I wrote a piece about two of my favourite writers, Patience Gray and MFK Fisher, for The Times Literary Supplement. Below is the opening paragraph.
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REBECCA MAY JOHNSON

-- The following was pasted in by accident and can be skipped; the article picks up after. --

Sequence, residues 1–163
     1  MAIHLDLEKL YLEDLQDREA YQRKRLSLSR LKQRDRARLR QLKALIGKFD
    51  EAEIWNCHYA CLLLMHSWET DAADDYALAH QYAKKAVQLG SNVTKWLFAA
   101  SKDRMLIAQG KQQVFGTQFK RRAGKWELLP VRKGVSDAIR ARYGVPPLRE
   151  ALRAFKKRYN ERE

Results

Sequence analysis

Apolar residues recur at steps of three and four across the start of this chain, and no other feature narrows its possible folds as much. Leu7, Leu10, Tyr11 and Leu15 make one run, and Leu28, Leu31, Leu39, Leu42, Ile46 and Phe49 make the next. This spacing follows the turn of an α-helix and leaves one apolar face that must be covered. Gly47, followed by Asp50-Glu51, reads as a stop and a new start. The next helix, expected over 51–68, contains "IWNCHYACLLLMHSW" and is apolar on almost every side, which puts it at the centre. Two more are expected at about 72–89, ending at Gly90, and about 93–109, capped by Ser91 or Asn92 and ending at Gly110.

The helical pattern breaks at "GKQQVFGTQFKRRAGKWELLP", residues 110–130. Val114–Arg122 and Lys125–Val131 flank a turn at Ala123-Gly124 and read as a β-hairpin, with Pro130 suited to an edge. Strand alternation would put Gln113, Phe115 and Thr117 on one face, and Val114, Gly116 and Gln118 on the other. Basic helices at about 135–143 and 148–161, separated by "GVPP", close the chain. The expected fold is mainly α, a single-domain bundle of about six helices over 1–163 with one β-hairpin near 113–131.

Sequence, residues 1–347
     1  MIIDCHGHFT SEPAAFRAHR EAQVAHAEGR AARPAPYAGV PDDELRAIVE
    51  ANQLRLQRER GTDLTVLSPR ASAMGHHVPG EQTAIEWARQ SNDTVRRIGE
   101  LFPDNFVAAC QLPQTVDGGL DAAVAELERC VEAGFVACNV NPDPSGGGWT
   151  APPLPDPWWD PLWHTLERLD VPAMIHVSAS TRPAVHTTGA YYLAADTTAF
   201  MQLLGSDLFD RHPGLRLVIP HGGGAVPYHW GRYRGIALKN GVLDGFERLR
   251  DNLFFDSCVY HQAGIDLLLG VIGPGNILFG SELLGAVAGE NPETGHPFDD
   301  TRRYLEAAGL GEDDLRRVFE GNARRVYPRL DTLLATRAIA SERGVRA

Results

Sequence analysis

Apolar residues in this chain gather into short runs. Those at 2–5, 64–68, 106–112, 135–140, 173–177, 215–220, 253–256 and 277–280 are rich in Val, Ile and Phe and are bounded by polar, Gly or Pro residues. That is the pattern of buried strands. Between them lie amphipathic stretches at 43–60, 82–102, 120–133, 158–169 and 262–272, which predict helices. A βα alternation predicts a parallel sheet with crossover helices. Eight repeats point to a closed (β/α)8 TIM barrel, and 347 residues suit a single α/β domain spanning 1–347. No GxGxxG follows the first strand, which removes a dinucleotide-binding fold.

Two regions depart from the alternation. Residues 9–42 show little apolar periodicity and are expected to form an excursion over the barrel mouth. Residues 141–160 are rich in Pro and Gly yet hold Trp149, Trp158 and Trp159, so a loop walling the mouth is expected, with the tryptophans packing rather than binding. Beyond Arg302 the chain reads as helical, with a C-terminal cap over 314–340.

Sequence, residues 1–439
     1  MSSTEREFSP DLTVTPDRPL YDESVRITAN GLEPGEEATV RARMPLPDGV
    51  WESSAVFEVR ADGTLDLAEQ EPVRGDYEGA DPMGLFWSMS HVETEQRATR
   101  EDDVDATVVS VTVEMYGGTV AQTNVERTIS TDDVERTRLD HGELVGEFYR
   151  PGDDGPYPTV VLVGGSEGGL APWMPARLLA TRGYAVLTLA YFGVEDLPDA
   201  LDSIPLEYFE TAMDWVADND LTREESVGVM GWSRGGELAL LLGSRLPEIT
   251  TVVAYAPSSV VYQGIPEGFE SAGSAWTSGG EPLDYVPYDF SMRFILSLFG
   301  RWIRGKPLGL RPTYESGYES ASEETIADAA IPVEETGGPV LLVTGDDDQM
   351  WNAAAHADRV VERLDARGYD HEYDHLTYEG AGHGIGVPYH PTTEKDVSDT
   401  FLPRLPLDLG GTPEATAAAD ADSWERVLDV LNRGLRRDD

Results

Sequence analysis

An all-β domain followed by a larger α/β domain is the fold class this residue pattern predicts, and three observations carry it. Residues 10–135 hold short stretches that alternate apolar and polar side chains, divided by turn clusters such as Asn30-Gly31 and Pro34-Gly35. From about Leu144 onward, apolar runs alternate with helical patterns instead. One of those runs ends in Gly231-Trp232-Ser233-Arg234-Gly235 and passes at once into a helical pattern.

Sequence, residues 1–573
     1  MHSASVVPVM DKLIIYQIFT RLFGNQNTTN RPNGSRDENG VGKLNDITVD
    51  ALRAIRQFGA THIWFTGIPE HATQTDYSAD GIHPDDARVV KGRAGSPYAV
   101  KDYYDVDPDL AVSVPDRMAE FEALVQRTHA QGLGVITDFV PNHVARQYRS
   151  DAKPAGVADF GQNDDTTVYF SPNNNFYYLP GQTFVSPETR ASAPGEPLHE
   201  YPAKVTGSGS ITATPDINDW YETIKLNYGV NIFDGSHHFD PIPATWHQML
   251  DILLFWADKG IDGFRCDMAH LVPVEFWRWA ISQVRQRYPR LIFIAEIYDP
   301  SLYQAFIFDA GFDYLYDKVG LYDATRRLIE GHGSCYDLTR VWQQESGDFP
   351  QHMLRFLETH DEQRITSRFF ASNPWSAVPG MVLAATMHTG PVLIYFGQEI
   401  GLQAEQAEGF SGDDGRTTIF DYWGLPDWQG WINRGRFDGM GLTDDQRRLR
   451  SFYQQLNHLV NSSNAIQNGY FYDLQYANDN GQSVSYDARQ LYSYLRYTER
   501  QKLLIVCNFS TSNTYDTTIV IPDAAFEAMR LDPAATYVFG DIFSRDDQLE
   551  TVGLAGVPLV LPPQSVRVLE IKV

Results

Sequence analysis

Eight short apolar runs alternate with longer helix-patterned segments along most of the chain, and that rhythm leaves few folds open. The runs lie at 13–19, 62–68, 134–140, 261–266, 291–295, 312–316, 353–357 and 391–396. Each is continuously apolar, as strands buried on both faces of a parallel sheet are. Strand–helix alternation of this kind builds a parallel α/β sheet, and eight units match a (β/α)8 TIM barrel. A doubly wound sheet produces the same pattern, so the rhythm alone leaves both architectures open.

M . F. K. Fisher’s memoir The Gastronomical Me, finally published in Britain seventy-four years after its US debut, is a good omen for food writing. In the UK, Mary Frances Kennedy Fisher may not have the dinner party notoriety of her English counterpart Elizabeth David, but in her native America, her many essays, books and columns are adored for their exquisite turns of phrase, wit and sensuality. W. H. Auden’s view that she was the best prose writer in America and John Updike’s grand epithet “Poet of the Appetites” – also the title of a biography by Joan Reardon – adorn this handsome new paperback edition, along with a hyperbolic flourish from Simon Schama, who declares Fisher “the greatest food writer who has ever lived”. Unintentionally, Schama’s praise seems to hint at a slight unease, among the British at least, around the idea that literary writers might…